It seems Apple has come to the aid of developers after all regarding the threats from Lodsys that Lodsys later attempted to defend (my rebuttal rapidly becoming the most-read thing Revert to Saved has ever run). A number of developers have now received documentation from Apple, including a letter to Mark Small, CEO of Lodsys. The short of it is summed up in the opening paragraph:

There is no basis for Lodsys’ infringement allegations against Apple’s App Makers. Apple intends to share this letter and the information set out herein with its App Makers and is fully prepared to defend Apple’s license rights.

Game, set and match, surely.

Actually, it’s a bit less tennis and rather more like a boxing match. The letter reads like Apple legal striding into the ring, landing hooks, uppercuts and other assorted punches squarely on Small’s face, until all that remains is a sad figure on the mat, wondering why he’d earlier tried picking on the little guys.

Apple believes Lodsys is talking crap in general, stating that it believes the Lodsys letters are

based on a fundamental misapprehension regarding Apple’s license and the way Apple’s products work

adding that the information provided should be

sufficient for [Lodsys] to withdraw [its] outstanding threats to the App Makers and cease and desist from any further threats to Apple’s customers and partners.

This information includes the key argument that under its license for the patents in the Lodsys portfolio, Apple is

entitled to offer these licensed products and services to its customers and business partners, who, in turn, have the right to use them. […]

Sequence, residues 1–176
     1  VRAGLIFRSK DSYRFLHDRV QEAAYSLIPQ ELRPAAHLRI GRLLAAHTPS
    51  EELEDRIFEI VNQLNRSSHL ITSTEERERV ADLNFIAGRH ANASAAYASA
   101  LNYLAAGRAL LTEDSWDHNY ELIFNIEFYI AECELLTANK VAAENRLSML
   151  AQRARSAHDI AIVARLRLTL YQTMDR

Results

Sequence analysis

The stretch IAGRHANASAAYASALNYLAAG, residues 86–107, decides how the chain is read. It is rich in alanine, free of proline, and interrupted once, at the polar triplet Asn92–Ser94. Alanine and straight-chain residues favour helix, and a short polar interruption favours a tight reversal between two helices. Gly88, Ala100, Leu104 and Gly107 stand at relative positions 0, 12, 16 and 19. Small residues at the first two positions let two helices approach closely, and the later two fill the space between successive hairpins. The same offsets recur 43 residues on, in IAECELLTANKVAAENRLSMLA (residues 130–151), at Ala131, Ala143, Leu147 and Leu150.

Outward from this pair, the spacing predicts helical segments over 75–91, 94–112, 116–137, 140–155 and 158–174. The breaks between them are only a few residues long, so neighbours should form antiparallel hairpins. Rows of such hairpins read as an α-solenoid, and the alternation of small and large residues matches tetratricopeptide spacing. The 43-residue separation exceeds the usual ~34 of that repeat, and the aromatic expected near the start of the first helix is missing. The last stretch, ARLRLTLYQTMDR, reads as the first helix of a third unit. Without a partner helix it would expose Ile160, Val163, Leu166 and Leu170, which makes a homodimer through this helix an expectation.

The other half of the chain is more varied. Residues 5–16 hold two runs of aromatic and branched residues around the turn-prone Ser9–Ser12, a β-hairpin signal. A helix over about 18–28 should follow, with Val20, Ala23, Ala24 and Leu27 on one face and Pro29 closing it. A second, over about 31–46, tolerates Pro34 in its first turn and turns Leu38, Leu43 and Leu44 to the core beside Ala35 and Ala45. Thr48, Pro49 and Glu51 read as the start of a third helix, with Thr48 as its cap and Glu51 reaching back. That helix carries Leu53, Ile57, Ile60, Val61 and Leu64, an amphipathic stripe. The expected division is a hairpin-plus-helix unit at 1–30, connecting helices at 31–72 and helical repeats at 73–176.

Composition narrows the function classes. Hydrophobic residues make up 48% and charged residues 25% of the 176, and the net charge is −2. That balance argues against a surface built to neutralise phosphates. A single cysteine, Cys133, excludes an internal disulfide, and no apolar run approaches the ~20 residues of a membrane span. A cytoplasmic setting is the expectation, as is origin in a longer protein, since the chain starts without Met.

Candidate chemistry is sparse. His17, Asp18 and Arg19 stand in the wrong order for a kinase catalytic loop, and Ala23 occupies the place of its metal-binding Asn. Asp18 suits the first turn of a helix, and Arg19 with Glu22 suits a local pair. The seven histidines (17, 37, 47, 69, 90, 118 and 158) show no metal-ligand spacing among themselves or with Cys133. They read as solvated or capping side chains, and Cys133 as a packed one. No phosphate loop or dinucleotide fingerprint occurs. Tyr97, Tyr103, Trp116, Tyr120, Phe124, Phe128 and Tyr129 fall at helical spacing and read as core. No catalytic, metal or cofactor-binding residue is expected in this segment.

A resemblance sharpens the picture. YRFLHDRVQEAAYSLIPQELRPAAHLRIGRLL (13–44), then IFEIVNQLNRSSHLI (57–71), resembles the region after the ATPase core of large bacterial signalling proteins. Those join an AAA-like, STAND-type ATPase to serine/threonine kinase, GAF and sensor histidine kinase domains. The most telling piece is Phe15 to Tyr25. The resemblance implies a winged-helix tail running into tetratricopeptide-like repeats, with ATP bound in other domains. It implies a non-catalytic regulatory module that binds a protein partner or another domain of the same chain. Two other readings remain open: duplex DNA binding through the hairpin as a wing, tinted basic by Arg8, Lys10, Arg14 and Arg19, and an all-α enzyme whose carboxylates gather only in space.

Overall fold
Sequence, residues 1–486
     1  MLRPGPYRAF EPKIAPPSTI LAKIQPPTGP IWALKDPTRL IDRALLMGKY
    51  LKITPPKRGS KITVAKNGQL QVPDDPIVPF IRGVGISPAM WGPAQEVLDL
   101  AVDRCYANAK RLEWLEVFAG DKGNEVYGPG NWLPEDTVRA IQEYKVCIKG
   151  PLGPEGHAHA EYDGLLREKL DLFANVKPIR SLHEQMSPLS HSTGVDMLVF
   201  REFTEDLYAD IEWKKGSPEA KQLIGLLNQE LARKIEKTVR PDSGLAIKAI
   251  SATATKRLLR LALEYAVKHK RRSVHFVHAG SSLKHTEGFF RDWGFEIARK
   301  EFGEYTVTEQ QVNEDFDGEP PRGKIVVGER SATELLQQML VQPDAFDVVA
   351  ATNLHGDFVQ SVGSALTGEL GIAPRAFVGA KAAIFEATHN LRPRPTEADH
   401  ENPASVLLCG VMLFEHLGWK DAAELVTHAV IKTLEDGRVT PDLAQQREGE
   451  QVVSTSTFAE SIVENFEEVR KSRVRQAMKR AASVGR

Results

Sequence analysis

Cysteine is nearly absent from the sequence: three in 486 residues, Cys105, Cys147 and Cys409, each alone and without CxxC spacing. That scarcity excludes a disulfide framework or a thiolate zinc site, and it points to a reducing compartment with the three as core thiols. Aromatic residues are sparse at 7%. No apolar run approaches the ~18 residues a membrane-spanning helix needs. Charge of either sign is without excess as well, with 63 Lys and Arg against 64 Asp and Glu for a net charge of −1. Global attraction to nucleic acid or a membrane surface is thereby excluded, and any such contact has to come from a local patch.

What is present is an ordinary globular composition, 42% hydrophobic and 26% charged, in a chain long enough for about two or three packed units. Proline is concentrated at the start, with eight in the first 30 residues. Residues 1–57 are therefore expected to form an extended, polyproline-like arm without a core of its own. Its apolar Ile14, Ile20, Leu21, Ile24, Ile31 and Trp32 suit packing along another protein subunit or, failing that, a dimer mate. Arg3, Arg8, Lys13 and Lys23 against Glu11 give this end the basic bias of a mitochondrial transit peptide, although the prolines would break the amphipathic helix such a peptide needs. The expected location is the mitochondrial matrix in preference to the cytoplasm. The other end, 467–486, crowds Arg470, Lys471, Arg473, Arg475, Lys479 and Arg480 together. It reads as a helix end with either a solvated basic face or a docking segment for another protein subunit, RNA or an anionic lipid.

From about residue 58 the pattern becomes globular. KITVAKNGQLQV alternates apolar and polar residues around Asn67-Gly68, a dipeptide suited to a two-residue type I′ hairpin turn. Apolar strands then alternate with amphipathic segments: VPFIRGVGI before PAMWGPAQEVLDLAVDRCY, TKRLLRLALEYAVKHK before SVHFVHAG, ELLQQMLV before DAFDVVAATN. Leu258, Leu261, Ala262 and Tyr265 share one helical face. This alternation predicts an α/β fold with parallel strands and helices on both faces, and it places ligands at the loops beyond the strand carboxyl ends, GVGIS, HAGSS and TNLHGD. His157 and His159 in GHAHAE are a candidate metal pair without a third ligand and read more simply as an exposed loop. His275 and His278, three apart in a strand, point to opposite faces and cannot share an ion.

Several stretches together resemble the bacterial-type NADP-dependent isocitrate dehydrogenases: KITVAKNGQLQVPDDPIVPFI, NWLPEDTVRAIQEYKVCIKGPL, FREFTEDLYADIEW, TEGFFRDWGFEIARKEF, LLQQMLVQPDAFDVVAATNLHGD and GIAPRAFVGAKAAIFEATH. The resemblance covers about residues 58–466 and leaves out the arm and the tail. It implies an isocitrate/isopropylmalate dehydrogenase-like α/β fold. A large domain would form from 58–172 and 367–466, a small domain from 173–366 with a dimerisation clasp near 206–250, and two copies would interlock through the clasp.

Thus, the technology that is targeted in your notice letters is technology that Apple is expressly licensed under the Lodsys patents to offer to Apple’s App Makers. These licensed products and services enable Apple’s App Makers to communicate with end users through use of Apple’s own licensed hardware, software, APIs, memory, servers, and interfaces, including Apple’s App Store. Because Apple is licensed under Lodsys’ patents to offer such technology to its App Makers, the App Makers are entitled to use this technology free from any infringement claim by Lodsys.

So, again, as with Apple’s Q&A on location data, Apple didn’t immediately calm fears, but it’s done the right thing after properly considering its position. Apple believes the law is on its side, is now clearly defending its developers, and the curt language of its communication is very much in the ‘don’t mess with us’ space; here’s hoping this keeps other trolls from peering out from under their bridges.

Update: Macworld now has the full text of the letter up, because their staff writer can type faster than I can, and it’s earlier in the day on the west coast of the US, so they’re probably all full of coffee, sunshine and bagels.